(Pocket-lint) – In 2017, Apple revealed it slows down older iPhones such as the iPhone 6, iPhone 6S, iPhone 7, and the first generation iPhone SE in order to prevent unexpected shut downs by managing the performance peaks.
The performance management feature – or throttling as some have described it in the past – is also included on the iPhone 8, 8 Plus, iPhone X, iPhone XS, iPhone XS Max and iPhone XR, but it only kicks in after an unexpected shutdown first occurs on a device with a battery that has diminished ability to deliver maximum instantaneous power.
Apple iPhones from the iPhone 6 and later also have a Battery Health tool that was introduced with iOS 11.3 back in March 2018, along with the ability to turn off the iPhone’s battery management feature. Here is everything you need to know about Apple iPhone’s Battery Health and performance management features and how to control them.
What is the iPhone performance management feature?
Apple’s performance management feature is specific to iPhones and it’s designed to prevent a device from unexpectedly shutting down so the device can still be used. Unexpected shutdowns can occur for a number of reasons, be that extreme cold temperatures, or a device with a battery of high chemical age, for example.
Apple’s iOS software will dynamically manage performance peaks in order to manage shutdowns. It looks at a combination of things, like device temperature, battery state of charge and battery impedance. The software then assesses whether action is required and if it is, the maximum performance of some of the system components, like the GPU and CPU, will be managed in order to balance out workloads and allow for a smoother performance overall.
Some of the things you might notice when the performance feature has kicked in are: Longer app launch times, lower frame rates when scrolling, backlight dimming, lower speaker volume, gradual frame-rate reduction in some apps, disabled camera flash in extreme cases and apps refreshing in the background may require reloading upon launch.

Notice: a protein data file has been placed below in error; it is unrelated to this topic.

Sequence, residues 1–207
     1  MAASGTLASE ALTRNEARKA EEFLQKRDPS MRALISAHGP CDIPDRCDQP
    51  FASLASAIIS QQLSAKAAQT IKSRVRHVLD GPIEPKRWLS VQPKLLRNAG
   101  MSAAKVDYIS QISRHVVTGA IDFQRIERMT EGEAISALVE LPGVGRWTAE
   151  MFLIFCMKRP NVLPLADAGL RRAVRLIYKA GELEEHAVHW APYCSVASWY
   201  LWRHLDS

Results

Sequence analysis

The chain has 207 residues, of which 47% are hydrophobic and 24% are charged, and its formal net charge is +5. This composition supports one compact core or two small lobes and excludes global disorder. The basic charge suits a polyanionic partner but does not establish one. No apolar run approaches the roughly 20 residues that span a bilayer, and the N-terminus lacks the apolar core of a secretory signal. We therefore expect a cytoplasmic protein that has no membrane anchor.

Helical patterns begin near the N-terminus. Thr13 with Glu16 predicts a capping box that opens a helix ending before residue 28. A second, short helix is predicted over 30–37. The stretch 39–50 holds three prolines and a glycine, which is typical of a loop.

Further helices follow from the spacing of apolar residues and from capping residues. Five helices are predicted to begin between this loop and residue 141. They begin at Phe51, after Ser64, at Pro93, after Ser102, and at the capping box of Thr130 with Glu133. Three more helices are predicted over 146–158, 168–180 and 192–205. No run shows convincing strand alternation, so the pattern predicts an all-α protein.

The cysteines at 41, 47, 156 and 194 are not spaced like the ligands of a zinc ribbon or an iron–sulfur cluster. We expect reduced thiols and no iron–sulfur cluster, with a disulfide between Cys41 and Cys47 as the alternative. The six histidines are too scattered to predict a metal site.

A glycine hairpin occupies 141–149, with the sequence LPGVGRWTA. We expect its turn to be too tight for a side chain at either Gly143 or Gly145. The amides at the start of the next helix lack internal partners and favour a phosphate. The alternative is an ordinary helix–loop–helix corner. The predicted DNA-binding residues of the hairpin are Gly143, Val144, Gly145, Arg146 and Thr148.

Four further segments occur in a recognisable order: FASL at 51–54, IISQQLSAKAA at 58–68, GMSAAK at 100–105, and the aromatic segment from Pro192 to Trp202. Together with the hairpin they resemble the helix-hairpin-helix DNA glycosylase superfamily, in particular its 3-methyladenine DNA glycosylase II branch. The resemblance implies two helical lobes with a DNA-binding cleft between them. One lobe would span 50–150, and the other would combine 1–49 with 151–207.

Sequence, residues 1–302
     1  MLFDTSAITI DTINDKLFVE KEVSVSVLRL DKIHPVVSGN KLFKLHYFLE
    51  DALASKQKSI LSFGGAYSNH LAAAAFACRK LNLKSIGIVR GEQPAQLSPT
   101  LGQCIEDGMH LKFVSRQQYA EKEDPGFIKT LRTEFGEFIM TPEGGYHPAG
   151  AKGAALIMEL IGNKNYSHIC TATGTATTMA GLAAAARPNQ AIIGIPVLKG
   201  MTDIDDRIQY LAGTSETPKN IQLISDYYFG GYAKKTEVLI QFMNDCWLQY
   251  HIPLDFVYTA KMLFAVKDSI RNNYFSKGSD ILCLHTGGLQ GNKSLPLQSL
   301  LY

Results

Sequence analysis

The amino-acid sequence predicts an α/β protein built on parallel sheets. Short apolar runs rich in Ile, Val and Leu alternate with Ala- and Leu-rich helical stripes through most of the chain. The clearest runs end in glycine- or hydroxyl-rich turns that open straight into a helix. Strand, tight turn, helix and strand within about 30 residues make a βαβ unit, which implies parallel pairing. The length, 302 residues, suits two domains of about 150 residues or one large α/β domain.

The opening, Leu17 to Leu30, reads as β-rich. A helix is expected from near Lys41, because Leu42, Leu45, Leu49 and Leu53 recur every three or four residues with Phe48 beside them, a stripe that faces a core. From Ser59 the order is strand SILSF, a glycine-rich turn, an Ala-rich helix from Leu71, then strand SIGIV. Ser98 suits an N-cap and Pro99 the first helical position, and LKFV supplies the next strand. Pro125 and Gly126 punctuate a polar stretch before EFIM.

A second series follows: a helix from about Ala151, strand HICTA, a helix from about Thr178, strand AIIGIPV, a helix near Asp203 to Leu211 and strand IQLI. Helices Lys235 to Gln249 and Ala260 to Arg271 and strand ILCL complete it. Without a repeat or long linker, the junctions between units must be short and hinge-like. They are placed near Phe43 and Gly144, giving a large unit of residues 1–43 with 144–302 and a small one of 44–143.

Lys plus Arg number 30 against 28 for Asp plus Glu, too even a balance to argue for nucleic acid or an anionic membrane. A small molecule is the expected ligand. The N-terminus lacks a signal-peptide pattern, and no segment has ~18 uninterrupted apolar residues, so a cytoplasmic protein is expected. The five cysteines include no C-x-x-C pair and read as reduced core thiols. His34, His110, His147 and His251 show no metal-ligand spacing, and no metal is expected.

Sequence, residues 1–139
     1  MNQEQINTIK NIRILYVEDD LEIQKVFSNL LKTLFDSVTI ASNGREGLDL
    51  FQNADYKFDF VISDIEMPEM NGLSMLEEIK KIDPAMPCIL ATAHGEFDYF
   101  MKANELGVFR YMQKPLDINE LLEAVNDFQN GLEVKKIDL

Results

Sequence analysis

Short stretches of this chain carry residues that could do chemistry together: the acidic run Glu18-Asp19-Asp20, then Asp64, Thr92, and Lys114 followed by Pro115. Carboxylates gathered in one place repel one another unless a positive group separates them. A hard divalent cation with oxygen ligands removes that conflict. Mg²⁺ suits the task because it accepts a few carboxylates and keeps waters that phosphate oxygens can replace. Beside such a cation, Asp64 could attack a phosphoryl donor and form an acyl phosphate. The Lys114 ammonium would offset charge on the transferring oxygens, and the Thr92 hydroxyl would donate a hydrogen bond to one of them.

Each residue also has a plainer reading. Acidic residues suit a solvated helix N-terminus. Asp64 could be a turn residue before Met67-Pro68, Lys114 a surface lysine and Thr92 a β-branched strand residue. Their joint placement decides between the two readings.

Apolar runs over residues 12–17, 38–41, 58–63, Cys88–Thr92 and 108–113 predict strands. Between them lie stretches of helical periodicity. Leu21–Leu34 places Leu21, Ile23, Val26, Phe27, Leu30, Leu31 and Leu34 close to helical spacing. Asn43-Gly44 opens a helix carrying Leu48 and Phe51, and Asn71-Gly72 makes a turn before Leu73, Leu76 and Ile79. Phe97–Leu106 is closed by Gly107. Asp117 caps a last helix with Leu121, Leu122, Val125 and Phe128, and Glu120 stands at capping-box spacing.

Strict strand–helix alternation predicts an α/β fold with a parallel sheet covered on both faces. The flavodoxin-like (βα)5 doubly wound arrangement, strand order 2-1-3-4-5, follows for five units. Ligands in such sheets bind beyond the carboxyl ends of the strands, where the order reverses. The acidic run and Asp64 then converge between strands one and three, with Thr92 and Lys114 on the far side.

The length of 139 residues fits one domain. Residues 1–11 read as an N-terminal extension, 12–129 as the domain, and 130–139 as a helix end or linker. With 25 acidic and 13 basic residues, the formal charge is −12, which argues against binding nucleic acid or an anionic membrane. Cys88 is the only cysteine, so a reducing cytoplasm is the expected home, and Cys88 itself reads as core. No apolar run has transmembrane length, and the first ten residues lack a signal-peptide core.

Some of the things that won’t be impacted by the performance feature are: Mobile call quality and networking performance, captured photo and video quality, GPS performance, location accuracy, sensors like gyroscope, accelerometer, barometer and Apple Pay.
With regards to the performance management feature, Apple describes it as: “If the battery health is able to support the observed peak power requirements, the amount of performance management will be lowered. If an unexpected shutdown occurs again, then performance management will increase. This assessment is ongoing, allowing more adaptive performance management.”
What is the Battery Health feature?
Apple iPhones running iOS 11.3 and later have a Battery Health tool built in. To access the tool, go to Settings > Battery > Battery Health. From there, you’ll see information about your iPhone’s maximum capacity and peak performance capability.
You’ll also see if your iPhone is being slowed by Apple’s performance management feature.
For example, we have an older iPhone XR showing as having a 94 percent battery capacity. Apple is not yet throttling the phone though: “Your battery is currently supporting normal peak performance”.